Director: Shirley Clarke
Year: 1958
Time: 8 mins
Teo Macero
Louis & Bebe Barron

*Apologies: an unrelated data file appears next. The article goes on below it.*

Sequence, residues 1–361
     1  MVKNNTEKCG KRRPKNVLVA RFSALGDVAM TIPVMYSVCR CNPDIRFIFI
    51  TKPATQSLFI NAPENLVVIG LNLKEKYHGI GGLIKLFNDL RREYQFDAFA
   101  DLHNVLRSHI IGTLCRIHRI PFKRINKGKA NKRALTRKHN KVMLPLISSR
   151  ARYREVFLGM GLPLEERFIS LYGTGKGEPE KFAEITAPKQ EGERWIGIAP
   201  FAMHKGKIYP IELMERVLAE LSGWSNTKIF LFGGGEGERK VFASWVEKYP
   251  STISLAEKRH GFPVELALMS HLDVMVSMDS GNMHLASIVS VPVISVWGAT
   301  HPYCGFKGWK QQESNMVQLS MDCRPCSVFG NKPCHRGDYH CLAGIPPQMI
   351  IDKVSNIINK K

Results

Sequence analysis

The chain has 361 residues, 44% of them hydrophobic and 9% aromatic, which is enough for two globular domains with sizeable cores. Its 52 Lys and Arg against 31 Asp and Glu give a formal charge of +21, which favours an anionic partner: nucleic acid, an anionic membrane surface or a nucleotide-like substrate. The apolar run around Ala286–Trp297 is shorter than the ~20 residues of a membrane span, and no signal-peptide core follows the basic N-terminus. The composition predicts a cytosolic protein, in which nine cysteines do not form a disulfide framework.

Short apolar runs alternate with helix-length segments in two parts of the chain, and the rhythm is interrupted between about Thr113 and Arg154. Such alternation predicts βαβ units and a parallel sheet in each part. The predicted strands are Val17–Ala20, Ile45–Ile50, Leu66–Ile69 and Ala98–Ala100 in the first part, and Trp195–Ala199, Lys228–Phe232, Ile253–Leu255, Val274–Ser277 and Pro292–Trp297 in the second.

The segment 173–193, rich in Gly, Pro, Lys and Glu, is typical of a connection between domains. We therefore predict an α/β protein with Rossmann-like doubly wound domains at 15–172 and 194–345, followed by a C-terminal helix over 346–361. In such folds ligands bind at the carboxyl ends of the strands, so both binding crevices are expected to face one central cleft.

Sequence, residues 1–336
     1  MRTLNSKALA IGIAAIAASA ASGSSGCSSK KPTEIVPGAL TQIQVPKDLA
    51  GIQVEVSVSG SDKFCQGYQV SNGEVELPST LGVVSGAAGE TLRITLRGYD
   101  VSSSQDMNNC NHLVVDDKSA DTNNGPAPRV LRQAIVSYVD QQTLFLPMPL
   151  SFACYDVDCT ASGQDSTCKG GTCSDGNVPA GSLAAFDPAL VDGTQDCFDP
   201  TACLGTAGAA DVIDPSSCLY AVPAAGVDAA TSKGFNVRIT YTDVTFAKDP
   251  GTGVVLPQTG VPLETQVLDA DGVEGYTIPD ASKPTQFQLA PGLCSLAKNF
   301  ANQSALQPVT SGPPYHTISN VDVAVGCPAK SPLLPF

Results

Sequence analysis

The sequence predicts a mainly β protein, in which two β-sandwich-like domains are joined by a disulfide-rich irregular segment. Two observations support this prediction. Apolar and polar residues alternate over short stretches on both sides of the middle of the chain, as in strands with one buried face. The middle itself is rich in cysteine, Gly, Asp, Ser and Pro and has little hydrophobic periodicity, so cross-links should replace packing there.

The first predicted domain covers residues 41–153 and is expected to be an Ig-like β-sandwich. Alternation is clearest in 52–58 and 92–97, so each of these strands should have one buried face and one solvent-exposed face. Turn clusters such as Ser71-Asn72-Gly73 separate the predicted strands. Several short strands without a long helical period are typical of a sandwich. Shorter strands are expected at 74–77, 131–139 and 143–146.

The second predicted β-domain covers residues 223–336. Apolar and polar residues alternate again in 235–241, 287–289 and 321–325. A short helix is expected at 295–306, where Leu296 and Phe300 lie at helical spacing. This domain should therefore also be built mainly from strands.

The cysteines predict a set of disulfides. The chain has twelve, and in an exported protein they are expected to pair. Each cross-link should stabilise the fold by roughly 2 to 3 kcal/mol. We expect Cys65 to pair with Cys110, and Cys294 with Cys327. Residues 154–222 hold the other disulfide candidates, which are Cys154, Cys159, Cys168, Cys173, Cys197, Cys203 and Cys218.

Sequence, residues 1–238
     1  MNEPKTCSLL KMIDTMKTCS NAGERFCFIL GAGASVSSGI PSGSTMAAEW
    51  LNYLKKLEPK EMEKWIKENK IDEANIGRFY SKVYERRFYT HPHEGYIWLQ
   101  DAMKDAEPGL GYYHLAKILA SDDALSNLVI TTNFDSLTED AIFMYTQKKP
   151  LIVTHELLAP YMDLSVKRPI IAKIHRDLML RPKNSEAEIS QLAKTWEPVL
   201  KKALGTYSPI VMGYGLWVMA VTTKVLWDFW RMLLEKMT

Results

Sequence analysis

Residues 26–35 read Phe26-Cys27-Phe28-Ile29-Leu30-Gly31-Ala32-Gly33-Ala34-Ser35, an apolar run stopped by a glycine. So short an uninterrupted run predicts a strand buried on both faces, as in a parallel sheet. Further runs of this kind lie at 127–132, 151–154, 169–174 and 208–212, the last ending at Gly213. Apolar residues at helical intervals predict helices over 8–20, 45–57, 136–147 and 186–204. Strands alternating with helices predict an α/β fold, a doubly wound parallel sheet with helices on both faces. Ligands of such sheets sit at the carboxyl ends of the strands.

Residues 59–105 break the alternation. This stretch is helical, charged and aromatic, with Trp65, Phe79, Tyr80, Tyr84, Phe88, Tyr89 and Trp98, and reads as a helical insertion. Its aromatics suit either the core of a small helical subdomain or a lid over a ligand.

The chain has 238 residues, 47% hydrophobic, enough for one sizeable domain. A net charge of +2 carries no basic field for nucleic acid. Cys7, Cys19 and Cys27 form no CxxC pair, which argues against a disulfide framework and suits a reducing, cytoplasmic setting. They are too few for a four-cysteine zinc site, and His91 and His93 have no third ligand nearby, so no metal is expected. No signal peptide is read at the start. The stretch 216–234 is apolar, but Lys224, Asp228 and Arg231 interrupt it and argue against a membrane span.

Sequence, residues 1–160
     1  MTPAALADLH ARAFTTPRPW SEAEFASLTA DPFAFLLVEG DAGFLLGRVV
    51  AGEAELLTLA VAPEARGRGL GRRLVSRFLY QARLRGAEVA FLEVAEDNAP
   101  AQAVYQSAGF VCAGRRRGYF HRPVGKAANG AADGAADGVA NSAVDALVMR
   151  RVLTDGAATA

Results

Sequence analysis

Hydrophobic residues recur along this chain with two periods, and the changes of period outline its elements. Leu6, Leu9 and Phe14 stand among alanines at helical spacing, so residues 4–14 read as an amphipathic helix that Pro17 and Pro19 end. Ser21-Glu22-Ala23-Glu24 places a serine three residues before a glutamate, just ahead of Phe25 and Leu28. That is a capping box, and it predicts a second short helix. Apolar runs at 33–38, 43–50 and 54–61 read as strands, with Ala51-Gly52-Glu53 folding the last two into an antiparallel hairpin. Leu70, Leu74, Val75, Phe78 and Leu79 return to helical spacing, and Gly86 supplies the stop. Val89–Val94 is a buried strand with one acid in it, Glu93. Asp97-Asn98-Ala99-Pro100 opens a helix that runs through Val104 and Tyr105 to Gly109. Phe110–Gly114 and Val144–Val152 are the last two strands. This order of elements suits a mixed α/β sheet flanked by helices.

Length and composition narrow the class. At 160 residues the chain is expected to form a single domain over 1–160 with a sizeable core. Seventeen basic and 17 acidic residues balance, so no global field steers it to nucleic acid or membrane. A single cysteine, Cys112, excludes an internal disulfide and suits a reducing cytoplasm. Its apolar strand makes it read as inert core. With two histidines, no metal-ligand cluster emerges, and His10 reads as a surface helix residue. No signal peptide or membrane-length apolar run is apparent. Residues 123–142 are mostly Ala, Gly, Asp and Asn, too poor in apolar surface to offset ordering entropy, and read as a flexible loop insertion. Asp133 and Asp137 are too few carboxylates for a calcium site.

Eye of Sound: Produced with leftover material from a project purporting to document American landscapes, Bridges-Go-Round is a seminal exercise in montage and visual abstraction, with the cityscapes of NY working again as luminous background. Due to copyright/copywrong issues, Clarke commissioned two different soundtracks for the film, here presented in sequence, thus providing spectators with an excellent display of the all-intrusive power of sound in the perception of images: the same set of visual material is radically transformed with the simple addition of a  different soundtrack. The first score is offered by a Teo Macero formation which remains unidentified but is highly reminiscent of some later works by George Lewis and, in a more oblique way, his collaborations with Miles Davis. The second soundtrack comes from the machines of the Barrons, well-known for their score in the sci-fi classic Forbidden Plantet. Despite their enormous differences, and the contrasting effect they have on the screen, the end result of the two scores is uncannily similar: Macero's composition (which, despite the presence of "jazz instruments" cannot be called jazzy in any manner) renders the superimposed bridges and buildings of NY the same alien glitter lent by the more or less "conventional" cavernous bleeps of the Barrons' electronic score.

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